“After WikiLeaks Revelation, Greece Asks I.M.F. to Clarify Bailout Plan” writes New York Times today after the latest Wikileaks revelation. Greece called Saturday on the IMF to explain if it was trying to push Athens toward bankruptcy.
Julian Assange wrote:
Today, 2nd April 2016, WikiLeaks publishes the records of a 19 March 2016 teleconference between the top two IMF officials in charge of managing the Greek debt crisis – Poul Thomsen, the head of the IMF’s European Department, and Delia Velkouleskou, the IMF Mission Chief for Greece. The IMF anticipates a possible Greek default co-inciding with the United Kingdom’s referendum on whether it should leave the European Union (‘Brexit’).
“This is going to be a disaster” remarks Velkouleskou in the meeting.
According to the internal discussion, the IMF is planning to tell Germany that it will abandon the Troika (composed of the IMF, European Commission and the European Central Bank) if the IMF and the Commission fail to reach an agreement on Greek debt relief.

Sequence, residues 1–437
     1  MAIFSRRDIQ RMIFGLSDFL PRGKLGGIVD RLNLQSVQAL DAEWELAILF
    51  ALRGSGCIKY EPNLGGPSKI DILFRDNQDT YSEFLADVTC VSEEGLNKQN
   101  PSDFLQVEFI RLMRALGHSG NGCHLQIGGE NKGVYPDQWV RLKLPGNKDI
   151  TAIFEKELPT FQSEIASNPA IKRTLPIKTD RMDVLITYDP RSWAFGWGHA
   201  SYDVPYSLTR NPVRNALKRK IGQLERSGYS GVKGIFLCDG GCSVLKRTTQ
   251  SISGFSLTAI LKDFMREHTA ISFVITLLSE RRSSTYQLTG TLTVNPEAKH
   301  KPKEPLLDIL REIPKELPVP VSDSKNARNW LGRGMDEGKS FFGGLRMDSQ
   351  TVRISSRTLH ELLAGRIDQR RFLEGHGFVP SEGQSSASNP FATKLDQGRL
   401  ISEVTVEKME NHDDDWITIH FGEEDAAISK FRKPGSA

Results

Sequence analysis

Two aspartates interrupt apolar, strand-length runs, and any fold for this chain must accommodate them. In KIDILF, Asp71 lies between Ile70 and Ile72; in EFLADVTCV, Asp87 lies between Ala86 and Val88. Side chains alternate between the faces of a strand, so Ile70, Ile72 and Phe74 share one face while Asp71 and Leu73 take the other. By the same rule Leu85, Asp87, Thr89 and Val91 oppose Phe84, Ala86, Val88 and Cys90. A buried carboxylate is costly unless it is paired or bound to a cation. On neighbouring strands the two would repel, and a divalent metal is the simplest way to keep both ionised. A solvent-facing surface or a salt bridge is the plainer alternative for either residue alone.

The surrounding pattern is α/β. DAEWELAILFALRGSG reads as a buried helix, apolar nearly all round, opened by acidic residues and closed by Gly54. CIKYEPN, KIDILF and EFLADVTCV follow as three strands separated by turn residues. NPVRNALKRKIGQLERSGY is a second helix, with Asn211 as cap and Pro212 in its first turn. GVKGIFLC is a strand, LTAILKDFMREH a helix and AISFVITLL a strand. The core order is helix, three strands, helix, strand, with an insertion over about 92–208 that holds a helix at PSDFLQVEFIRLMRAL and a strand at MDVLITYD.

Thomsen: “Look you, Mrs. Merkel, you face a question: you have to think about what is more costly, to go ahead without the IMF–would the Bundestag say ‘The IMF is not on board?’, or [to] pick the debt relief that we think that Greece needs in order to keep us on board?”
Remaining in the Troika seems an increasingly hard sell internally for the IMF, because non-European IMF creditor countries view the IMF’s position on Greece as a violation of its policies elsewhere of not making loans to countries with unsustainable debts.
In August the IMF announced it would not participate in last year’s €86 billion Greek bailout, which was covered by EU member states. IMF Chief Christine Lagarde stated at the time that the IMF’s future participation was contingent on Greece receiving “significant debt relief” from creditors. Lagarde announced that a team would be sent to Greece, headed by Velkouleskou.